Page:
7. Light is evenly diffused and well balanced.
The face of each soldier is evenly lit from a medium light source above and to the front and angled slightly to the sitter’s right side. The photographer likely accomplished this with a studio skylight, and possibly a diffusing cloth. Today’s professional photographers refer to this portrait style as “loop lighting” for the oval shadow that appears below the subject’s nose. The portraits are consistent with the description by Marcus A. Root in his 1864 handbook for photographers, The Camera and the Pencil: “Masses of diffused, soft light, balanced by masses of expanded, mild shadow; the space betwixt the two filled by carefully graduated middle tints; while here and there, a keen, bright spot of light is set off by equivalent spots of deep shadow.”
8. A single table was used, with different coverings.
Several floral or leaf-patterned cloths covered the table, obscuring its shape. Analysis of the various angles at which the table appears suggests it is a round drop-leaf or gate-leg style. The discovery of matching table coverings in the “Jeff. Davis!” and “Victory or Death!” images is a key piece of evidence that enabled us to connect the two placards.
9. The books served a functional purpose.
In five of the “Jeff. Davis” portraits, one or two books are present. At first glance, one might conclude the photographer used them to stabilize the placard. If this was the case, however, books would have appeared in every portrait. We believe the photographer used them to make adjustments for different arm lengths and body shapes. This technique allowed the photographer to lock down the desired pose. It was also easier and quicker to set up than having different-sized or an adjustable chairs or tables.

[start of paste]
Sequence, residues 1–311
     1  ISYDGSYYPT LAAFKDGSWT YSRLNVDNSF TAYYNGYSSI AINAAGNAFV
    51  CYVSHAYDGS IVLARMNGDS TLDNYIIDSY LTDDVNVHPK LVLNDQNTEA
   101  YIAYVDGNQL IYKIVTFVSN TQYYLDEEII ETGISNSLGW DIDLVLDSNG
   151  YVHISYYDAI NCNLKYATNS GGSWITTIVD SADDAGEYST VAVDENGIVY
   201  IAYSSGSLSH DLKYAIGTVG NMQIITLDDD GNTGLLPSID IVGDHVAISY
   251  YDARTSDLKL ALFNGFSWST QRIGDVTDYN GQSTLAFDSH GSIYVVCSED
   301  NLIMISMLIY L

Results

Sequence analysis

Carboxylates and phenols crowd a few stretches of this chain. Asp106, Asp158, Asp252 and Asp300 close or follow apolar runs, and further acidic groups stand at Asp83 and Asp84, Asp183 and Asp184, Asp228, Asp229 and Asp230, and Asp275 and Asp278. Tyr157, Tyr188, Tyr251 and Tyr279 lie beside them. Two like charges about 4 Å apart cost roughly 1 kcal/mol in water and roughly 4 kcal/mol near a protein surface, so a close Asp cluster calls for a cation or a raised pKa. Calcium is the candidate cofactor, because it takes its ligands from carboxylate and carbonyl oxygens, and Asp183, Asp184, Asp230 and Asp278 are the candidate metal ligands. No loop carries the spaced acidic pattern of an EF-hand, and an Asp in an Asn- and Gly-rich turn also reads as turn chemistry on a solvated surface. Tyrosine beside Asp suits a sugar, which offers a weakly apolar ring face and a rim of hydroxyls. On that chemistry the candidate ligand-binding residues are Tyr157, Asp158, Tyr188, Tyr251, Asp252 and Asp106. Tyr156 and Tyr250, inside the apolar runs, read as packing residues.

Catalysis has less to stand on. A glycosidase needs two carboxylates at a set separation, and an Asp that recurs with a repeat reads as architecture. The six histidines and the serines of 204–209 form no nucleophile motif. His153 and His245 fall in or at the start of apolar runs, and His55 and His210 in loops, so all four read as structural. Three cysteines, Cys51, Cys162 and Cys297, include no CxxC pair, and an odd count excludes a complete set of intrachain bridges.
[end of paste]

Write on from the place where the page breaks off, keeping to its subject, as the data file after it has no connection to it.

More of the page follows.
By contrast, all five of the “Victory or Death!” portraits feature two books on the table. They support the placard instead of the subject. The photographer precariously positioned the books over the edge of the table to keep the placard in focal range. This forced the sitter to rest an elbow or forearm on the books. As a result, soldiers of shorter stature lean towards the table while taller soldiers lean away from it.
In one portrait, a tall potted plant appears instead of books. It is the only example we have seen with this item included.
10. Ninth plate ambrotypes dominate.
Jeff. Davis and the South
Victory or Death!
11. The placards only appear in portraits of individuals.
The 32 images featuring the placards are all individuals. No photograph has yet surfaced of a group posed with the placard. We know from the Schwab image of the standing soldier that the photographer had access to a second head clamp, which functions as a placard stand. Therefore, we infer the photographer was equipped for a group pose.
One explanation is that the photographer could not find a way to display the placard in the frame with groups. But this seems improbable as the examples we studied indicate the photographer was a master at setting a scene. Another possibility is that the photographer made an artistic decision that the placards were only to be used for single poses. A third explanation is that group images with the placard are out there waiting to be found. We believe the third option is the most likely because of the existence of the second head stand.
12. Tinting is standard, and similar to other galleries.
The individual who applied color tints did so in a fashion similar to other galleries of the period: Subtle touches of red to cheeks and hands. Light washes of green, yellow, and reds on tablecloths and books. Brown added to gun stocks. Minimal gilding to buttons, edged weapons, pocket watch chains and other brass items.
In two portraits, the shirts of the soldiers are tinted. Though the coverage area is larger, the application of color is minimal, which is consistent with other images in the survey.
13. The photographer or gallery who took them remains a mystery.
Though no link to a specific photographer has been found, we constructed a profile based upon the content and craftsmanship of the known portraits. We believe the photographer: